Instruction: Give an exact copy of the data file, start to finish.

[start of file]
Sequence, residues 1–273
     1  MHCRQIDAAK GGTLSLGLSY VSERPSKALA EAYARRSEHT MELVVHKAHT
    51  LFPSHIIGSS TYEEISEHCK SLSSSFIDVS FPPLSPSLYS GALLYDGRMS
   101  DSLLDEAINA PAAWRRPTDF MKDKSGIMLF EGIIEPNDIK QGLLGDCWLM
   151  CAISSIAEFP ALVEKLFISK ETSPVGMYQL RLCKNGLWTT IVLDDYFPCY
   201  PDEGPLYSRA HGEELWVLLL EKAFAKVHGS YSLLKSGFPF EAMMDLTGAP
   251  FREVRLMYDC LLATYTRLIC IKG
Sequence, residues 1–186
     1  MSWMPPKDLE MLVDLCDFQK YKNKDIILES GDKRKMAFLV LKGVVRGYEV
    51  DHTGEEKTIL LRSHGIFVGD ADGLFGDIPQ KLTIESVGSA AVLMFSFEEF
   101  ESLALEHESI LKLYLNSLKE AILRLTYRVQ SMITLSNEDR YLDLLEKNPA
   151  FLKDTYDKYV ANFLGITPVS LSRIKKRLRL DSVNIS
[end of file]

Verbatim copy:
Sequence, residues 1–273
     1  MHCRQIDAAK GGTLSLGLSY VSERPSKALA EAYARRSEHT MELVVHKAHT
    51  LFPSHIIGSS TYEEISEHCK SLSSSFIDVS FPPLSPSLYS GALLYDGRMS
   101  DSLLDEAINA PAAWRRPTDF MKDKSGIMLF EGIIEPNDIK QGLLGDCWLM
   151  CAISSIAEFP ALVEKLFISK ETSPVGMYQL RLCKNGLWTT IVLDDYFPCY
   201  PDEGPLYSRA HGEELWVLLL EKAFAKVHGS YSLLKSGFPF EAMMDLTGAP
   251  FREVRLMYDC LLATYTRLIC IKG
Sequence, residues 1–186
     1  MSWMPPKDLE MLVDLCDFQK YKNKDIILES GDKRKMAFLV LKGVVRGYEV
    51  DHTGEEKTIL LRSHGIFVGD ADGLFGDIPQ KLTIESVGSA AVLMFSFEEF
   101  ESLALEHESI LKLYLNSLKE AILRLTYRVQ SMITLSNEDR YLDLLEKNPA
   151  FLKDTYDKYV ANFLGITPVS LSRIKKRLRL DSVNIS